Report released on estimated cost of NG911 upgrades
The report said nationwide Next Generation 911 implementation will cost between $9.5 billion and $12.7 billion over 10 years
WASHINGTON — A report assessing how much nationwide implementation of Next Generation 911 will cost was recently released.
According to the report created by the National Highway Traffic Safety Administration and the National Telecommunications and Information Administration, nationwide implementation of NG911 will cost $9.5 to $12.7 billion over 10 years.
A $110 million grant program is being jointly managed by the U.S. Department of Transportation and the Department of Commerce to help dispatch centers around the country upgrade their systems to NG911.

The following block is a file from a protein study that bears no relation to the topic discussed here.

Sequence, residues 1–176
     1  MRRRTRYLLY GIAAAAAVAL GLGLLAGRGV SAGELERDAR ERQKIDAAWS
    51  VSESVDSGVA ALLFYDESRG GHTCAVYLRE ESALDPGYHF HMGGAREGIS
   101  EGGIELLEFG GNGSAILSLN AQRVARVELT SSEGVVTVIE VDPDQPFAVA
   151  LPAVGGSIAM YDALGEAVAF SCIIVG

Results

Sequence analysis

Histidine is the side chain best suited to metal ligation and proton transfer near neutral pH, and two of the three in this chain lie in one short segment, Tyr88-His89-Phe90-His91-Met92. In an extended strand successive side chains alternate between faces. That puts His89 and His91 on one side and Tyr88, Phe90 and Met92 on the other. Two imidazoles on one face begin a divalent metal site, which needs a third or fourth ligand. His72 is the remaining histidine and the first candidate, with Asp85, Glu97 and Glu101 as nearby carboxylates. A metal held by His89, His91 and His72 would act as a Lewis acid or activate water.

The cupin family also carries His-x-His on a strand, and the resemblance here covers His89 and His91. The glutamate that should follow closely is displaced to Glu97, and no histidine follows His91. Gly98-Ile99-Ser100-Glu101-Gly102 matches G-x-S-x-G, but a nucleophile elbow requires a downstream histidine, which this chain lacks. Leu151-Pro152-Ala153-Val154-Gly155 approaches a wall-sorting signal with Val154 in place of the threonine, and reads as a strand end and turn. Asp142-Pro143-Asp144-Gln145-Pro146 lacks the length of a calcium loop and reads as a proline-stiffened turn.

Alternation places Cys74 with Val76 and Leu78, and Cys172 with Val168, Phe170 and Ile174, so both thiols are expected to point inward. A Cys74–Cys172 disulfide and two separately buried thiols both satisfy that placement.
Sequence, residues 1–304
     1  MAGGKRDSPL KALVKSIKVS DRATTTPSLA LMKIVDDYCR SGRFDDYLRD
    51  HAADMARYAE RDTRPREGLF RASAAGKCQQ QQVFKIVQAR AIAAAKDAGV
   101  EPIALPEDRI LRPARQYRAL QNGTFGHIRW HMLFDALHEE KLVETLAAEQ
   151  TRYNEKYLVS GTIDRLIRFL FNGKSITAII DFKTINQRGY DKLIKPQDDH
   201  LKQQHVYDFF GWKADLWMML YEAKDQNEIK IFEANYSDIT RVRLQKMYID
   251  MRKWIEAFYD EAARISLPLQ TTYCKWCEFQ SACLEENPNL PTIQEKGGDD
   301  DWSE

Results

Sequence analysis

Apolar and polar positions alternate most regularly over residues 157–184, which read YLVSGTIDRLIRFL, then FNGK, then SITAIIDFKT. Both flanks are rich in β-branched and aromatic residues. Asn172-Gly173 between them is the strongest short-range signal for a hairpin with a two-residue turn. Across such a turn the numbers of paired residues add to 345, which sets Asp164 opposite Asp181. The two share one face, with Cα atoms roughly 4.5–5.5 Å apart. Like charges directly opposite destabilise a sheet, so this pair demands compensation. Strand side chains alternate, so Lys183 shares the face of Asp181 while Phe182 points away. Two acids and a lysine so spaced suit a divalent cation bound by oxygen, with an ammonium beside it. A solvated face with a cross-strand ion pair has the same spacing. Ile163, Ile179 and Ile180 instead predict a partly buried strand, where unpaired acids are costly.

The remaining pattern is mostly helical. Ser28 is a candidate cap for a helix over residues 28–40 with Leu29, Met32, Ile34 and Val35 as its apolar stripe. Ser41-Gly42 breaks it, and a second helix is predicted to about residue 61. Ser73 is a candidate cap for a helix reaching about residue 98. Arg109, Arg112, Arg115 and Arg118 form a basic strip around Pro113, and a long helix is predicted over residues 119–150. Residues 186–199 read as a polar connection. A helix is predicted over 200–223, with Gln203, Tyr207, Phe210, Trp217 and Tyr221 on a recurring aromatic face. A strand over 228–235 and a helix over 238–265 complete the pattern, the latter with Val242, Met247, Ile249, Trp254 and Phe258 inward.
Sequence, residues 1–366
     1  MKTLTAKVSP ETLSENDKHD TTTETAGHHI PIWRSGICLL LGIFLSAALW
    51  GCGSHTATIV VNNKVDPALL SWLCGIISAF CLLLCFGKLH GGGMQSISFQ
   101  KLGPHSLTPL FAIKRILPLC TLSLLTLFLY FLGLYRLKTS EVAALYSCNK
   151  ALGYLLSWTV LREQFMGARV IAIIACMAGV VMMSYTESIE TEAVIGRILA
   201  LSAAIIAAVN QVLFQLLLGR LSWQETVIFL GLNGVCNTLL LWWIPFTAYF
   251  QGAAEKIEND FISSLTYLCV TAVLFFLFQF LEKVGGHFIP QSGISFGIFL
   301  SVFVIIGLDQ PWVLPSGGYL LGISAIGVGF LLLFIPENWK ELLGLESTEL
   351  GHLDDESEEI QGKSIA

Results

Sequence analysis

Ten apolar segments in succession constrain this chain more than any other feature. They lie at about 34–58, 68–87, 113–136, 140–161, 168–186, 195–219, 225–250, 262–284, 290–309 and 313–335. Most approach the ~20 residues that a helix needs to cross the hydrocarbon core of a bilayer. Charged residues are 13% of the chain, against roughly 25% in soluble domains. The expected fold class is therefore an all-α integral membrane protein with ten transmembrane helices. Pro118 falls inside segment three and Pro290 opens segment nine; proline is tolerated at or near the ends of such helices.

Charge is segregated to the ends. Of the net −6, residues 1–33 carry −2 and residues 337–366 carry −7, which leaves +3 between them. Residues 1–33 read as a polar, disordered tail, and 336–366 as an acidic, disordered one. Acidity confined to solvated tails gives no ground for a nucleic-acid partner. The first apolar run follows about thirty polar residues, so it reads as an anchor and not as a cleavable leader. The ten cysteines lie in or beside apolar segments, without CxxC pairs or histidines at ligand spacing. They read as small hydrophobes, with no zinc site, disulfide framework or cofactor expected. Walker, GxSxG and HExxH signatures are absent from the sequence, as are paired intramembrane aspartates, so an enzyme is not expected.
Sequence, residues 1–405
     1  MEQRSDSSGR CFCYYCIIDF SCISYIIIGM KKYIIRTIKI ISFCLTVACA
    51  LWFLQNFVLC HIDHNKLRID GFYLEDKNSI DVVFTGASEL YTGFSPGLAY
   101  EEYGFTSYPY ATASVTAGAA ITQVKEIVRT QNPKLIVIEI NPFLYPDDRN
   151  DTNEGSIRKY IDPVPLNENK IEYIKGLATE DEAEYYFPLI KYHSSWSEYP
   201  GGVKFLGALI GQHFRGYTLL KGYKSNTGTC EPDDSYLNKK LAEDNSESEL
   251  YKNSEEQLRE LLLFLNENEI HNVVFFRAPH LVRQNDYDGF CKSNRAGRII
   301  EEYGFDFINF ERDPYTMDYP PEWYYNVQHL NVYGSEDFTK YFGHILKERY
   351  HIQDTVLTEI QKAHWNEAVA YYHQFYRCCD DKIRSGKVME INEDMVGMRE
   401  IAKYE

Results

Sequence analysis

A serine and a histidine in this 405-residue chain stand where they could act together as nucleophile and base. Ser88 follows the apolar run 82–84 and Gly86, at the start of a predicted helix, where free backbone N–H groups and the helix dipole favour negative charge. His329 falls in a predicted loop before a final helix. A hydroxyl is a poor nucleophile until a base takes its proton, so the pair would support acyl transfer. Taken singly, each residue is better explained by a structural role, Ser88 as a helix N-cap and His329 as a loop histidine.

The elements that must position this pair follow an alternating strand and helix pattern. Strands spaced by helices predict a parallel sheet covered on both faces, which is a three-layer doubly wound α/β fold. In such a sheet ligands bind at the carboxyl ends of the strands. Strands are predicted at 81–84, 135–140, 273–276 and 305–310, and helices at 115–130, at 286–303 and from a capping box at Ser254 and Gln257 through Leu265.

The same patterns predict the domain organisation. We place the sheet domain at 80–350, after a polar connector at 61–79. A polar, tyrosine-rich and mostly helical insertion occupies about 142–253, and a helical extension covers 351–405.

"Since NHTSA's founding nearly 50 years ago, supporting local EMS systems has been an integral part of our mission to keep people safe on America's roadways," NHTSA Deputy Administrator Heidi King said. "I am so proud that I've been able to be a part of supporting this miraculous, lifesaving system, starting with my days as a dispatcher to today at NHTSA, where our National 911 Program continues to support and strengthen the system in partnership with the state and local governments responsible for its operation. The 911 system is an achievement to celebrate for saving lives, making communities safer, and our nation stronger."
The report on estimated cost will help legislators as they consider long-term ways to fund NG911.
"Upgrading public safety call centers throughout the country will help the public reach first responders during emergencies, and give responders better tools for critical life-saving missions," NTIA Administrator David Redl said. "While some states are already making significant strides towards NG911, nationwide implementation will take a significant investment. With the delivery of this report to Congress, we look forward to the next steps in our 911 grant program to help jumpstart the nationwide NG911 transition."